While I was in Austin, Texas, for South by Southwest, I was able to talk with Greg Wilder and Alison Conard of Orpheus Media Research. They are touting a service with an April launch called Clio that they feel will revolutionize music listening (its predecessor, Myna, is live now). It’s a computer program that listens to music and categorizes it by its qualities. Doesn’t sound that cool? Wait for it.
Ever heard of the Music Genome Project?
It’s the thing that powers Pandora: dozens and dozens of people sitting around, listening to music, and categorizing it by approximately 400 unique qualities. Each song in MGP can take up to 20 minutes to be organized
. Because of this laborious process, Pandora has only about 800,000 tunes
in its catalog.
Clio automates the process.
“The analysis time that the computer takes to actually listen to a piece of music is around one to two seconds,” said Wilder, founder and chief science officer.
A three-to-five minute pop track takes literally the length of a snap to process. This means it categorizes tens of millions of tracks at a time.
Repeat: tens of millions of tracks at a time.
What does this mean? Well, they want to partner with existing services and use Clio to power everything. And by everything, I mean any way that people find music: iTunes Genius, Rhapsody, Amazon, MOG, Pandora and Last.fm are all entities who could benefit from this.
The company is already working in television and movie music, as the screen often demands a song with a very specific mood. If the music director of a production company has a track with the right mood in mind, he or she can plug it into Clio, which will match it to other songs that sound like it in the Vanacore
music library, a current partner of Clio. The program then produces a playlist of tracks that sound similar and are available for use.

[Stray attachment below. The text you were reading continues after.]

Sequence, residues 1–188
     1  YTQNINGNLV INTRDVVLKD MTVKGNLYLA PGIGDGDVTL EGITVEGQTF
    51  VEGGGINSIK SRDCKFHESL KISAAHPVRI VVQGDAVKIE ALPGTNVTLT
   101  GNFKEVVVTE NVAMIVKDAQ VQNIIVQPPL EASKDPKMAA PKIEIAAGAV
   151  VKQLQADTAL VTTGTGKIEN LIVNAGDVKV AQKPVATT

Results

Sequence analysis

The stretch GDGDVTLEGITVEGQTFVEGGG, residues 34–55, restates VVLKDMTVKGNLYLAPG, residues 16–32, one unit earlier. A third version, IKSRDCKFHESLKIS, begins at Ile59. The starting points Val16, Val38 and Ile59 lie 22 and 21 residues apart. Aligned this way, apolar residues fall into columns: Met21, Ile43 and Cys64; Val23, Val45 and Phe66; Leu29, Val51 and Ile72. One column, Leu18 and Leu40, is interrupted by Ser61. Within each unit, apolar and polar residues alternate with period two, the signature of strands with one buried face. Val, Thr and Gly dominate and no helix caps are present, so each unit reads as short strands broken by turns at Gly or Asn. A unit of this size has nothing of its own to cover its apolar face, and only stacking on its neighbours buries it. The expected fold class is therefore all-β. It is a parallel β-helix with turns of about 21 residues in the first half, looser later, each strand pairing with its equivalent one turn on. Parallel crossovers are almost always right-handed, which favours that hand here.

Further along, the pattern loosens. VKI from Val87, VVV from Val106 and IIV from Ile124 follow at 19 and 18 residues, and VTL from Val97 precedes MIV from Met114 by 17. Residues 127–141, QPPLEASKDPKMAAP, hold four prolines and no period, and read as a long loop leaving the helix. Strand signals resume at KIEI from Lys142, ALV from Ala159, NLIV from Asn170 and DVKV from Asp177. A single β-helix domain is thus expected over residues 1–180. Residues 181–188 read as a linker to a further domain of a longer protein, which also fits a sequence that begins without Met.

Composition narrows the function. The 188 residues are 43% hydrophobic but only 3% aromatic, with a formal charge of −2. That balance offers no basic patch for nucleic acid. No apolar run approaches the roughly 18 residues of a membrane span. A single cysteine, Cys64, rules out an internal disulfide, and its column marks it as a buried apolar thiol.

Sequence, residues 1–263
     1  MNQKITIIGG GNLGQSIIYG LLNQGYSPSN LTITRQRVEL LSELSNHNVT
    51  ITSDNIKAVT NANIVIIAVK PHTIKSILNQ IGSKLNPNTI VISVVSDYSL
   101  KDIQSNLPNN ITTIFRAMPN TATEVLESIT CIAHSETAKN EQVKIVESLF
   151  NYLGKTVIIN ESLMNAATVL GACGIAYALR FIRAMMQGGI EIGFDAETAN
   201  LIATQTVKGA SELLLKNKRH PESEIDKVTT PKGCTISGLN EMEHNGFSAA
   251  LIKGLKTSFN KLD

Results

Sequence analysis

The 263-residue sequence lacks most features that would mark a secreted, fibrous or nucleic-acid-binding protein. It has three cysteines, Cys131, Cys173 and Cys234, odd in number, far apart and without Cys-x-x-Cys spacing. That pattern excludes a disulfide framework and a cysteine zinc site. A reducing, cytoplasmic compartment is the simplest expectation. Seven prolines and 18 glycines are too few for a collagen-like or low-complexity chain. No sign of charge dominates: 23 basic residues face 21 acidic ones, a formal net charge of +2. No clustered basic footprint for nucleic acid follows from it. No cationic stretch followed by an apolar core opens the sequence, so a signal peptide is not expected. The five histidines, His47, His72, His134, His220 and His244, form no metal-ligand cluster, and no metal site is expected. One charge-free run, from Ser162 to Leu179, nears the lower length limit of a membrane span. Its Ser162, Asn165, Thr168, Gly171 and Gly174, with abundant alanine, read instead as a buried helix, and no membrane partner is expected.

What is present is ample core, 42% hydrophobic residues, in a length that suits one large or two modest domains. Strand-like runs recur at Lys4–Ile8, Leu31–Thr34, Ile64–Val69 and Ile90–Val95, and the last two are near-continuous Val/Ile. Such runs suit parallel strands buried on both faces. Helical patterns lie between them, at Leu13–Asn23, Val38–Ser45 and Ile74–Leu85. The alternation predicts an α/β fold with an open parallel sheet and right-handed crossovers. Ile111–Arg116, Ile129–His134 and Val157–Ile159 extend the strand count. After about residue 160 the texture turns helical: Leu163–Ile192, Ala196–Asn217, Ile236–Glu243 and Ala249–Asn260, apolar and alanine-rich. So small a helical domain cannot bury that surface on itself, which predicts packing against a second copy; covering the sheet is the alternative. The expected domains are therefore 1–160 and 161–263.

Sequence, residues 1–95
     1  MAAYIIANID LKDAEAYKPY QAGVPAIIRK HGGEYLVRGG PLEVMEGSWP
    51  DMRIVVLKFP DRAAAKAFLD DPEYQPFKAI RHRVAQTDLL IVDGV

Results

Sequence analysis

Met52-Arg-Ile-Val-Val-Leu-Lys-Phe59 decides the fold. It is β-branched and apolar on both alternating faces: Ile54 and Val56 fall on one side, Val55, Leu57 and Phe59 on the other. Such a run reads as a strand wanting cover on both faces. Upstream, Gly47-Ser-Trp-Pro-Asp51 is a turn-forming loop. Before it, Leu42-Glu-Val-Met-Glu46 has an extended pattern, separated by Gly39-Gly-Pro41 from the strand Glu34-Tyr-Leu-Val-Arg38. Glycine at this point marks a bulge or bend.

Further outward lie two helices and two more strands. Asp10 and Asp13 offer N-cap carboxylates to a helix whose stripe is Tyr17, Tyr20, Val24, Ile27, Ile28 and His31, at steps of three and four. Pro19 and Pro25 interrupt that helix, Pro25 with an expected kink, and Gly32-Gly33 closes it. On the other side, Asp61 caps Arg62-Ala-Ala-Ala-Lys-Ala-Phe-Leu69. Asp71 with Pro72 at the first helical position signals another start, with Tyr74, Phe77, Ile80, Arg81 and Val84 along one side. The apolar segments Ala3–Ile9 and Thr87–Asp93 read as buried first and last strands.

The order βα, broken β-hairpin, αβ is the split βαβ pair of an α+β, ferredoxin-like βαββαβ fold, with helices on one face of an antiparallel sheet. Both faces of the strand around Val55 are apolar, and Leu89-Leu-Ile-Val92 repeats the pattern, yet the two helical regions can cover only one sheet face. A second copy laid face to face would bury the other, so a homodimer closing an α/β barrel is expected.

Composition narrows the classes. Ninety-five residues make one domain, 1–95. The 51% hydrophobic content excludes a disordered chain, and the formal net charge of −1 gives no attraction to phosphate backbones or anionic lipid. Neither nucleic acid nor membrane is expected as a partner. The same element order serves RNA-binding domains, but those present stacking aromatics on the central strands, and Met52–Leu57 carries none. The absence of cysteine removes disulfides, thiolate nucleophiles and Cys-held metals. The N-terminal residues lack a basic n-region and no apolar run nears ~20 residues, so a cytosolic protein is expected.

But Clio’s library isn’t going to only hold production music, or even major-label music. Clio was started by two indie musicians, and they want to help out independent artists. They have plans to partner with companies like ReverbNation and Bandcamp to make large quantities of indie music accessible to Clio, too. That means when the music director puts in one tune he likes — say, a number from post-rock instrumental act Maserati — it will spit out an entire suggested soundtrack — perhaps something by Explosions in the Sky, something by The Non (pictured).
“That will help independent artists stand right next to established artists based on the quality of their music,” Wilder said.
People who haven’t played a single show could be queued up over U2, as long as their contribution sounds more like the chosen starting song than “Where the Streets Have No Name.” When Clio powers your listening portal of choice, you’ll easily be able to find new things you actually want to hear.
With the processing power that Clio has (remember: tens of millions of songs at a time), it is not an overstatement when the founders compare their endeavor to a musical Google. Clio has the ability to categorize almost every piece of music ever written and make it streamable to you.
Streaming music may never be the same.
While you’re here, grab these MP3s:
“Lower Away (Unplugged)” — Sunshine Factory. Surprisingly mellow and graceful piano piece.
“Big Sick” — Big Pauper. I guess you don’t need guitars for druggy psych anymore.
“How Does It Feel to Be in Love?” — The Bynars. Probably something like this power-pop gleefest.